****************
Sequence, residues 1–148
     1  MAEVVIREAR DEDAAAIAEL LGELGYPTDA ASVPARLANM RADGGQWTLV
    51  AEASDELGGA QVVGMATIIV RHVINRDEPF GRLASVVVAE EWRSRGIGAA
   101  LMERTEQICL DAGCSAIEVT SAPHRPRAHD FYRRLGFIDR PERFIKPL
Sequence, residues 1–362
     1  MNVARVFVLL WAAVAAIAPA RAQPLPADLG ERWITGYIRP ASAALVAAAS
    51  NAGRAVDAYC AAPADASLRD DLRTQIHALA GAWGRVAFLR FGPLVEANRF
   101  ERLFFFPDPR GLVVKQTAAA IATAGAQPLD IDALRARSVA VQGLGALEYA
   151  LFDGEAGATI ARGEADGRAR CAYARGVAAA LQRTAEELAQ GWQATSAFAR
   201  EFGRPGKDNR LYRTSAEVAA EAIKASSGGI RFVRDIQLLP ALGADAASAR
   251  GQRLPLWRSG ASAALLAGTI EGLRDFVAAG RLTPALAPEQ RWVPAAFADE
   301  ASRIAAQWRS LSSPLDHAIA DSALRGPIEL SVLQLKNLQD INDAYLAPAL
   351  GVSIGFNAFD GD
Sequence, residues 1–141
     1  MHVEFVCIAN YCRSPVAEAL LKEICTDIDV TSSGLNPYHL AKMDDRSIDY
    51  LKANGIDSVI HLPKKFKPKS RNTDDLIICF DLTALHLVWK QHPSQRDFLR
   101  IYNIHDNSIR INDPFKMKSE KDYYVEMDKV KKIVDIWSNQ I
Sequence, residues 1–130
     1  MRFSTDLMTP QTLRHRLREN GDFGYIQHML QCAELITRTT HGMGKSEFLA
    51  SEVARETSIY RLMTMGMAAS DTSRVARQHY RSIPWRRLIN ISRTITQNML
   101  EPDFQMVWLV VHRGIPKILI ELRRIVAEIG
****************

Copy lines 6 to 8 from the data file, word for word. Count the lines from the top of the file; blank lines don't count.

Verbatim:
     1  MNVARVFVLL WAAVAAIAPA RAQPLPADLG ERWITGYIRP ASAALVAAAS
    51  NAGRAVDAYC AAPADASLRD DLRTQIHALA GAWGRVAFLR FGPLVEANRF
   101  ERLFFFPDPR GLVVKQTAAA IATAGAQPLD IDALRARSVA VQGLGALEYA